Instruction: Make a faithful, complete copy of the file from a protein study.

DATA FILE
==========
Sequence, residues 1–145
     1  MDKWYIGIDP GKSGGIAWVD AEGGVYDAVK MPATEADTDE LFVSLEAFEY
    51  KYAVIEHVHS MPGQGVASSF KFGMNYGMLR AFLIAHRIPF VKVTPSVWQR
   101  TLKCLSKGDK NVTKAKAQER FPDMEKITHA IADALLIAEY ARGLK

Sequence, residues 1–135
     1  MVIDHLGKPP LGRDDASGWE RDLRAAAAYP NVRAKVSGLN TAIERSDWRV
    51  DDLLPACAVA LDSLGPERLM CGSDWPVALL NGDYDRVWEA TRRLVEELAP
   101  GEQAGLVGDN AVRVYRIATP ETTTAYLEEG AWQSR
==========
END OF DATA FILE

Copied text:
Sequence, residues 1–145
     1  MDKWYIGIDP GKSGGIAWVD AEGGVYDAVK MPATEADTDE LFVSLEAFEY
    51  KYAVIEHVHS MPGQGVASSF KFGMNYGMLR AFLIAHRIPF VKVTPSVWQR
   101  TLKCLSKGDK NVTKAKAQER FPDMEKITHA IADALLIAEY ARGLK

Sequence, residues 1–135
     1  MVIDHLGKPP LGRDDASGWE RDLRAAAAYP NVRAKVSGLN TAIERSDWRV
    51  DDLLPACAVA LDSLGPERLM CGSDWPVALL NGDYDRVWEA TRRLVEELAP
   101  GEQAGLVGDN AVRVYRIATP ETTTAYLEEG AWQSR